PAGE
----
Charles Burmeister wrote:
That being said, however, to think that there is no strengthening measures to be found in the art of falling is incomplete as well. Falling and slapping strengthens the body so that one can take the falls outside of the dojo without harm being caused to oneself. It is no different than thrusting your fists into a giant pot of sand or punching water or even punching a thick wooden board wrapped in rope!
This is a basic example of a lack of understanding about what is going on in the body during training. Contrary to what so many martial arts students believe, there is no such thing as "conditioning and strengthening" the body through thrusting fists into pots of sand, punching boards, or falling and slapping the ground.
It is what we call, in Yiddish, a bubbe meise
(old grandmother's tale).
Slapping the ground does...nothing -- except to burst blood vessels and bruise bone. The long-term outcome of that "conditioning" is, at best, to deaden and kill nerves so you no longer feel pain when doing damage to your arms.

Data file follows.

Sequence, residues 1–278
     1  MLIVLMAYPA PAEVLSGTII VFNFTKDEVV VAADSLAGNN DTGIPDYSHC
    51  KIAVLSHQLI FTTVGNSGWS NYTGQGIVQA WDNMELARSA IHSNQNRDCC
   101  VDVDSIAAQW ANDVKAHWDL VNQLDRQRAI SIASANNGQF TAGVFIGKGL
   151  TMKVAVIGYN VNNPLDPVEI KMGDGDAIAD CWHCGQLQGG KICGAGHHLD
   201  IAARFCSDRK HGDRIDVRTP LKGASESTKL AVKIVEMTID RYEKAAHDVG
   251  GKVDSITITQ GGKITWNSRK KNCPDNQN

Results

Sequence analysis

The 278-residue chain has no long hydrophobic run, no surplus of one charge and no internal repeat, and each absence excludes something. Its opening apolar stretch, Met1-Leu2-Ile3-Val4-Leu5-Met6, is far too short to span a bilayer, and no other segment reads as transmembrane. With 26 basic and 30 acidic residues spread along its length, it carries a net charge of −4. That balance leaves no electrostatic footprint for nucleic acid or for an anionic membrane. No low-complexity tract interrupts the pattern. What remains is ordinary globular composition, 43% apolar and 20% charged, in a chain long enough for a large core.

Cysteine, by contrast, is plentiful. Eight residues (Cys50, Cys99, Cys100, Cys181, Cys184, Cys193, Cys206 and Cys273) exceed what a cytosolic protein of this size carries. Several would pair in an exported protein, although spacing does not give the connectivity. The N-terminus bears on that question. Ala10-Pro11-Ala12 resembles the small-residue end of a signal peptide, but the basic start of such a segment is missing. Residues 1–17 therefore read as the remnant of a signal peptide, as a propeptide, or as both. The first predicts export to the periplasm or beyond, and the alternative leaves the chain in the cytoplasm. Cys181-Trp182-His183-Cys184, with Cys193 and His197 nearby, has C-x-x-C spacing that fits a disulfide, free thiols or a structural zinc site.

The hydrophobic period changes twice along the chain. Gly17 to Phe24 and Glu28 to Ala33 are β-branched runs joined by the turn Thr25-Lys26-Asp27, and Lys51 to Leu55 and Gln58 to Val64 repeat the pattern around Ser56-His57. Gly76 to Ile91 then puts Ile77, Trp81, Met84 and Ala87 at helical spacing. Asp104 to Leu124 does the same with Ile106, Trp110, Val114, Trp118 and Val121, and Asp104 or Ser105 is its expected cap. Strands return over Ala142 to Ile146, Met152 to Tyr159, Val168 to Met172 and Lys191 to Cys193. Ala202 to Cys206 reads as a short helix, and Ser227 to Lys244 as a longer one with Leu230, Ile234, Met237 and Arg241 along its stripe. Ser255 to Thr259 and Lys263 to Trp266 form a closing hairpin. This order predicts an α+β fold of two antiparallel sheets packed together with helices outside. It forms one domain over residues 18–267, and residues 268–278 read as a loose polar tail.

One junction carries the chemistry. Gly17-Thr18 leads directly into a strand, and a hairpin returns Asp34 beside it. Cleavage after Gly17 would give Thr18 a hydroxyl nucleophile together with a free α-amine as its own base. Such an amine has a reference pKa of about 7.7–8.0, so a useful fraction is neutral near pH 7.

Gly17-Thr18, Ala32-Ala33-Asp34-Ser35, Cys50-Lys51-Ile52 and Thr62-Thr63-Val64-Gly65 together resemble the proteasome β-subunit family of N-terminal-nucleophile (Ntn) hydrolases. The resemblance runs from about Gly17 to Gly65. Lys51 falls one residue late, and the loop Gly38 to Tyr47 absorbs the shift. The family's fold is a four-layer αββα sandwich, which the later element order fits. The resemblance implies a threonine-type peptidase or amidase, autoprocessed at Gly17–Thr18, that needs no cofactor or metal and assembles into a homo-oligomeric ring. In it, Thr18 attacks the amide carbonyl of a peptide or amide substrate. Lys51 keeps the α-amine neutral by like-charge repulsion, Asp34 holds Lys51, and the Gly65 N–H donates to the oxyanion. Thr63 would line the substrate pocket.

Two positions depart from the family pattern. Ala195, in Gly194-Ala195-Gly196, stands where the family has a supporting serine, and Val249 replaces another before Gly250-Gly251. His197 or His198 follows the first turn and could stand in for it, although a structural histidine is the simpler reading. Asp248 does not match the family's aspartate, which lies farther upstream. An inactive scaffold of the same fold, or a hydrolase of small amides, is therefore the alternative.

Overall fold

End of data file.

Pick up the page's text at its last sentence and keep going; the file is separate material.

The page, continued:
Same for punching makiwara (which, by the way, I did for 20 years when I was making an extensive and intensive study of punching and striking). Striking a hard surface does nothing for the hands, but it does do damage TO the hands, by rupturing the tissue around the knuckles and causing painful swelling that in later years can exacerbate arthritis. Punching into pots of sand does that too. Sand punching can callous and thicken the skin, but callous plays little or no role in protecting hands during punches and strikes. Except, maybe, to keep the sand you're punching from scratching the tender skin under the callous.
What DOES help you "condition" yourself, is good technique itself. Form: the angle of the punch or strike, its acceleration, the way you hold and move your body: Those elements are what will determine whether you do or don't injure yourself.
In other words, it is not the hand or the skin that breaks the fall or the board; it's the correct application of technique and good form. Nothing more, nothing less.
Students of all levels mistake the superficial, external practices of striking or slapping hard things -- which is nothing but pseudo-science -- for actual practical method -- due to a misunderstanding of basic physical and physiological principles.
I group slapping the ground with punching bricks and sand. Just another misunderstanding of human physiology and of basic physics.